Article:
For new Rhodes scholar, a journey tied — in many ways — to Philly’s school system
When Anea Moore was in 7th grade, she gave her mom an ultimatum.
For years, she had bugged her parents to let her apply to Masterman, one of Philadelphia’s premier public magnet schools. Her parents worried that it was too far away — and maybe too challenging.
Moore needed her mother’s signature to complete the Masterman application.
“I don’t know where I got these guts from, but I said, ‘Mommy, either you sign it or I forge your name on this paperwork,’” Moore said. “But either way, it’s going out.”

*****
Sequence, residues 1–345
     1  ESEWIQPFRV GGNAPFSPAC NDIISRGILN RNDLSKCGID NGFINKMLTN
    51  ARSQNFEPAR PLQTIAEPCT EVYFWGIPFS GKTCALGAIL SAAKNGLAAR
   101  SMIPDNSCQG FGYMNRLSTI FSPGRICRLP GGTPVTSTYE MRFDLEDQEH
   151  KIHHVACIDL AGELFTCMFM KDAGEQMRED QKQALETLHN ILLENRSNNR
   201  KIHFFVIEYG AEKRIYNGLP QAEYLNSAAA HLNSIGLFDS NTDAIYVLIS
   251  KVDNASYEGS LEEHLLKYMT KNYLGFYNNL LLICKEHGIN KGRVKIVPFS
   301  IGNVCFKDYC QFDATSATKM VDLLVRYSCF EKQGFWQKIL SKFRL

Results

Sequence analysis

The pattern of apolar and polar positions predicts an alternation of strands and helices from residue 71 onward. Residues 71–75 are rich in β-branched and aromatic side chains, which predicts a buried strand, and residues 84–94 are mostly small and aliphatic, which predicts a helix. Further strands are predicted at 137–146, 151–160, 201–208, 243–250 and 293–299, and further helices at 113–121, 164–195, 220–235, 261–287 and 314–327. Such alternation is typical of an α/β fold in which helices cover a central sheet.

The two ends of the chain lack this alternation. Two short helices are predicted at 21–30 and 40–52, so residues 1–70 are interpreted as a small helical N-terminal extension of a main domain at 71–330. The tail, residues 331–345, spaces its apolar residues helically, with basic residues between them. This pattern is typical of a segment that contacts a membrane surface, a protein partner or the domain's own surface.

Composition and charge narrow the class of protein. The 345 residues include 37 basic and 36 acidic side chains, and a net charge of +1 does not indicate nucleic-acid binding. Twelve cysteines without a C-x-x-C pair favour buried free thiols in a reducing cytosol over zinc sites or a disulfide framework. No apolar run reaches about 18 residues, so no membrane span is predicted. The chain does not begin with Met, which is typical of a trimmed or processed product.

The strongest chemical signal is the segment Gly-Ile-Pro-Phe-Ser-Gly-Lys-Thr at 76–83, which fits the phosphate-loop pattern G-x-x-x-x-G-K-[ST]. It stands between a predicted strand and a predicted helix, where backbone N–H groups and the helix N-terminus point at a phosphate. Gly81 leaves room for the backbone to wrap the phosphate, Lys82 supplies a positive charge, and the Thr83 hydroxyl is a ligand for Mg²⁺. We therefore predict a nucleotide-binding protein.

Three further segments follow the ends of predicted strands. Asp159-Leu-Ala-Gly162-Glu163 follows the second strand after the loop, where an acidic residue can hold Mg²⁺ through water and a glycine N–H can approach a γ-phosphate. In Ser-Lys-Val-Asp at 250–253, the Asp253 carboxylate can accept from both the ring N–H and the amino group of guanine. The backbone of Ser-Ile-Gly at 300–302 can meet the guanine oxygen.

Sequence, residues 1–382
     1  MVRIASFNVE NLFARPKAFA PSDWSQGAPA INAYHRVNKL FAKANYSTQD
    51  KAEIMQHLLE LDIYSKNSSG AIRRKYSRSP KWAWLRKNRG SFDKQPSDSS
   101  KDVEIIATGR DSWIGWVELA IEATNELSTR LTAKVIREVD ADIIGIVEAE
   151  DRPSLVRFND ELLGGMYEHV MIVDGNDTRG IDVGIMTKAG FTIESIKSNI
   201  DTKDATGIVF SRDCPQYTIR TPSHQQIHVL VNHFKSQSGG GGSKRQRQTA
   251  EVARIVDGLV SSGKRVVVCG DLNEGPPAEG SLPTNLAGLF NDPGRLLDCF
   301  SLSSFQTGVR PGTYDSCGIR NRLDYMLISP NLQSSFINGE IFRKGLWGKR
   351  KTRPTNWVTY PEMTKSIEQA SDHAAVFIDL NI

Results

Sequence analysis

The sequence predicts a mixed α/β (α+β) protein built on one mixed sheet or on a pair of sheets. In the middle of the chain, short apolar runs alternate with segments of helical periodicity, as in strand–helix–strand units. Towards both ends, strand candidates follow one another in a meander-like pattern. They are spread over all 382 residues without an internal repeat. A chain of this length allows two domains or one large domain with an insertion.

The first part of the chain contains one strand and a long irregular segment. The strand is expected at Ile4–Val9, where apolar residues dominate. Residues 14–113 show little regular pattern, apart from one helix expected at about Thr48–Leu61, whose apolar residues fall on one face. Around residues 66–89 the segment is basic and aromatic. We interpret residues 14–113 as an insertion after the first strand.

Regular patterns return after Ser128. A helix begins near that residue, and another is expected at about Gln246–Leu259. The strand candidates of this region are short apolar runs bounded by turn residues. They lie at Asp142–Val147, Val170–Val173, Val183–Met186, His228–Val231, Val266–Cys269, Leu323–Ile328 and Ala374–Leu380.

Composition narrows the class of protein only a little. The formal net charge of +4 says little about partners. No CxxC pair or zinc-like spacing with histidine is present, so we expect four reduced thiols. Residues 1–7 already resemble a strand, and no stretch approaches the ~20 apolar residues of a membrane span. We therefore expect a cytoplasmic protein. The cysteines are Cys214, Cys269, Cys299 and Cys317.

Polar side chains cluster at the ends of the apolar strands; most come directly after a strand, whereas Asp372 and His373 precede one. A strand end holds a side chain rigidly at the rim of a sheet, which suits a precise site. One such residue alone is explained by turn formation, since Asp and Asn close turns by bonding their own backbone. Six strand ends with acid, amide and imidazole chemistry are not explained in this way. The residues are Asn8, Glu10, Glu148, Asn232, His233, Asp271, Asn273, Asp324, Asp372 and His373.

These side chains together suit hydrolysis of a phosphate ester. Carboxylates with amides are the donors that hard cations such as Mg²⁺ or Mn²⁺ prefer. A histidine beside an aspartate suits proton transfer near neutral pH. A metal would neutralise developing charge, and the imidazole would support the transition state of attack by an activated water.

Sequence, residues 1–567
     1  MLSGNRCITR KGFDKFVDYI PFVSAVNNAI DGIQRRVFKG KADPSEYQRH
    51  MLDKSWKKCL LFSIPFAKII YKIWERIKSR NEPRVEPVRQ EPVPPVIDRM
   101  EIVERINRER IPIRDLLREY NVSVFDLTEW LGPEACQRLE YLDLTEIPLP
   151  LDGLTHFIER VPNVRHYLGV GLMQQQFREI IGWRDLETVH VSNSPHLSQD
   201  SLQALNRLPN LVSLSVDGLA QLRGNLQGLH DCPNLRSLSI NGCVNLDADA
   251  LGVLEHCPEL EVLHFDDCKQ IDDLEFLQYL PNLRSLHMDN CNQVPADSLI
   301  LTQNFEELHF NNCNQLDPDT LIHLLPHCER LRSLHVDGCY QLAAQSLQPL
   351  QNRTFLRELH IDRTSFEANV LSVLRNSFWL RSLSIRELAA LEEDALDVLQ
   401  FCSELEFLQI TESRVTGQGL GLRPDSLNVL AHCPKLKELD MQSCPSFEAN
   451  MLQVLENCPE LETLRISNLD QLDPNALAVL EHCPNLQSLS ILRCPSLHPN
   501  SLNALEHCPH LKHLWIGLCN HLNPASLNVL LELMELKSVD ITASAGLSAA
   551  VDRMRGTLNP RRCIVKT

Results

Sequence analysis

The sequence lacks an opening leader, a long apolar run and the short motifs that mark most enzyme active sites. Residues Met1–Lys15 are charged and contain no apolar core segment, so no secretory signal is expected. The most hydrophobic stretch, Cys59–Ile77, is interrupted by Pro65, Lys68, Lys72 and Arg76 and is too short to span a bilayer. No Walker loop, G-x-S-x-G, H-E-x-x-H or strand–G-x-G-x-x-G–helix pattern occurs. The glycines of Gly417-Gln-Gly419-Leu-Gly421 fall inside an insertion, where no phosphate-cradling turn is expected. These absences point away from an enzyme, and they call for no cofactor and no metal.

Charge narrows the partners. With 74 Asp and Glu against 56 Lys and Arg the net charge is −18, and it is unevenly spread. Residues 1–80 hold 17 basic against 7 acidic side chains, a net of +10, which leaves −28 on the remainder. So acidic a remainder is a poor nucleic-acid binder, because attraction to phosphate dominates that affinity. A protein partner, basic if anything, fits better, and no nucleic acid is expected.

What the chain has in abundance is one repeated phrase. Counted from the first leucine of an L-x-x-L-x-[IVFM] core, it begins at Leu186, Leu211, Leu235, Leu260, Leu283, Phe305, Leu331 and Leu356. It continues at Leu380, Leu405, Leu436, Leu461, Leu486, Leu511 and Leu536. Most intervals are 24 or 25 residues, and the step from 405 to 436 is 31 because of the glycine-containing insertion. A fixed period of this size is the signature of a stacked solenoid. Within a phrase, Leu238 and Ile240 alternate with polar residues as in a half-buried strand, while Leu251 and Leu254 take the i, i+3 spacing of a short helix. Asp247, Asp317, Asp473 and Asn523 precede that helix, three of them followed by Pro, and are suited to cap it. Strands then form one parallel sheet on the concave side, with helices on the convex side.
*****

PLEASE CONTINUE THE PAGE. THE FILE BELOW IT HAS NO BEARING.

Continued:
Moore thought Masterman could push her in ways that her neighborhood K-8 school, Penrose, couldn’t. Though the teachers there tried to nurture her talent — even sneaking her into advanced math classes — she wanted to learn with the “best of the best.”
She also thought that at Masterman she’d finally fit in with students.